Reviews | Written by Michael Coldwell 11/07/2018


Having kick-started the Italian cannibal genre with 1972’s The Man from Deep River and continued it with his Rev. Jim Jones suicide cult parody Eaten Alive (1980), gino-of-all-trade Umberto Lenzi’s third bite of the savage cherry threw away the artifice and put flesh-eating centre stage. Released in 1981, Cannibal Ferox (‘ferox’, we are told early on, being the Latin word for ‘savage’) proudly sold itself as “the most violent film ever made - banned in 31 countries!” and pretty much lived up to its own hype, all told.

In grand exploitation style, Lenzi’s mission was to, er, cannibalise the previous year’s Cannibal Holocaust from his fellow countryman Ruggero Deodato. But while Holocaust was a disarmingly intelligent rottweiler of a movie that asked fundamental questions about the nature of human atrocity and our savage heart, Ferox is an unashamed rip-off that hits all the same notes with fatter fingers and a cheeky wink. It’s all a bit deja vu if you know the territory; we start off in New York before diving into the jungle; there is real-life animal killing aplenty (a dubious trait of the genre that forever besmirches it); there’s a hedonistic American moron front and centre; there’s a brutal castration scene and a damsel is creatively impaled in a jaw-droppingly tasteless manner. Indeed, the pre-CGI gore effects are frequently astonishing and ingeniously lensed, no more so than the pièce de résistance scene where a bloke gets the top of his head sliced off like a soft-boiled egg and his brains scooped out by hungry indigenous locals. Lenzi was justly proud of it.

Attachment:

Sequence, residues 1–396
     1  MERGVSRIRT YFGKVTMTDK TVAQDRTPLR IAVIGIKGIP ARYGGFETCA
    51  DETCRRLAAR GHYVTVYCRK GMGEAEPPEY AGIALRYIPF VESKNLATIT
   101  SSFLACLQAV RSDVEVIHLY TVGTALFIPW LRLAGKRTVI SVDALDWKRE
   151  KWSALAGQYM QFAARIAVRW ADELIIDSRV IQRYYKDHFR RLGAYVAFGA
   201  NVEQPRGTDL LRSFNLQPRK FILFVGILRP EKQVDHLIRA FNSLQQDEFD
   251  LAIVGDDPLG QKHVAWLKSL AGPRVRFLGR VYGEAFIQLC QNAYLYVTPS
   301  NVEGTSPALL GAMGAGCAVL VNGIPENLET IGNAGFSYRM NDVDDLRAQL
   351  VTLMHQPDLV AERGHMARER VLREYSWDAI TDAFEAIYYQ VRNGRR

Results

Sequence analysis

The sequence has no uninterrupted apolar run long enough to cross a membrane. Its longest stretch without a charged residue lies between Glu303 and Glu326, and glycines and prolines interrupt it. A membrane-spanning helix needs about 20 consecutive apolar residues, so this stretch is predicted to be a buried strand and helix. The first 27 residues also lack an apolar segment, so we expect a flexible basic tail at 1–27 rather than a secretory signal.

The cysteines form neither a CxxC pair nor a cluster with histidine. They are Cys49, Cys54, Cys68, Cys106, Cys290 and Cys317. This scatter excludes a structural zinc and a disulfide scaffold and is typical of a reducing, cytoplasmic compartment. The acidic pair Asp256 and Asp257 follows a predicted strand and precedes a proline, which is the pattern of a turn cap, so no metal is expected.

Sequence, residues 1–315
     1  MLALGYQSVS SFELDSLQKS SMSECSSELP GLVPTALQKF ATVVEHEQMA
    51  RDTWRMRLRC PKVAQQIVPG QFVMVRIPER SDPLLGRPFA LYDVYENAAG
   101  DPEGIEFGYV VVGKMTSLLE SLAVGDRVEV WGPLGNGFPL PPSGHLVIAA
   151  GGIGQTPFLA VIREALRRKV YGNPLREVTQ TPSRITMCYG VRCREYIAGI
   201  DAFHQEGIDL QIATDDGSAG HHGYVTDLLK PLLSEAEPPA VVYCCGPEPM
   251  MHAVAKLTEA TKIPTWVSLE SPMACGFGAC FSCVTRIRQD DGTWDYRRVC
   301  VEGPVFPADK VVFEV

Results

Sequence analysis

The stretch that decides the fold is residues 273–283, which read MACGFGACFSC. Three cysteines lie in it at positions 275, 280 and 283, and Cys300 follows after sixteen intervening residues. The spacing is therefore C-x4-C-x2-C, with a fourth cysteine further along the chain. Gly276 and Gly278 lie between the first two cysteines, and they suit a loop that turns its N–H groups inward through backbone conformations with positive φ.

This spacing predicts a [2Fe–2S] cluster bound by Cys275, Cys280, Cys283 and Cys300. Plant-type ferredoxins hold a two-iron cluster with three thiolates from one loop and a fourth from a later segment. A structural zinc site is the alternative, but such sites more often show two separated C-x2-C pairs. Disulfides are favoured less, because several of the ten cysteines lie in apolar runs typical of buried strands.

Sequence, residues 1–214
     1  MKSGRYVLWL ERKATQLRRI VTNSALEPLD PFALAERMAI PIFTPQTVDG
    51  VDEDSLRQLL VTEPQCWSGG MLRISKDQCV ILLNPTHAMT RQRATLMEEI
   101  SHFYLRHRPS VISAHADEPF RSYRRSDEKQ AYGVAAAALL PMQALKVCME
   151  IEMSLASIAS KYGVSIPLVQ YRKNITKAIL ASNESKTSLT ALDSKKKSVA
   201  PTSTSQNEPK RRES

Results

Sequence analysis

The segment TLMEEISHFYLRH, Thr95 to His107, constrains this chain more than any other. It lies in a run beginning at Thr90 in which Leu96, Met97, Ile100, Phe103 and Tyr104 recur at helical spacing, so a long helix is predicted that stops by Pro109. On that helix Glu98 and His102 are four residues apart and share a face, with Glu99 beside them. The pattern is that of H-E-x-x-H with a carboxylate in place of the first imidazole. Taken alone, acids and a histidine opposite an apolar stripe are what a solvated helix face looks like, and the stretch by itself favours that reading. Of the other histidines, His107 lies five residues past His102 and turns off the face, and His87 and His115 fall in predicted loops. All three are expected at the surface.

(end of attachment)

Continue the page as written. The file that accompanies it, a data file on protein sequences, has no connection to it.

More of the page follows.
Given this is a Blu-ray debut for the UK, the extras on this Shameless release feel a bit undernourished compared to the US Grindhouse Releasing edition. A brief Lenzi interview recorded shortly before his death in 2017 is the highlight. The old rogue (not noted for his on-set diplomacy) shouts down his detractors and comes out fighting on the animal cruelty issue (“in Europe people used to eat turtle soup!”). There’s also an acerbic little chat with star and Italian exploitation icon Giovanni Lombardo Radice (credited in the movie as John Morghen) who cites Ferox as the only film from his colourful CV that he regrets making. When you hear from Radice how borderline Lenzi’s methods were, particularly his attitude towards the Amazonian tribespeople involved, you may share his discomfort.

A restoration featurette and gallery top things off but, given Radice’s view of the production, a commentary or retrospective documentary to put the film in proper context would have been very welcome. Ah well, at least the restored 16mm film looks splendidly grainy in a new 2K transfer and fans of Roberto Donati’s seminal disco-funk soundtrack will be cranking it right up because – at the risk of upsetting fans of Riz Ortolani’s Cannibal Holocaust score - it’s the best of the cannibal bunch.

Cannibal Ferox might not fit most people’s idea of entertainment but you, dear readers, are not most people. Well worth a look if you have the stomach for it.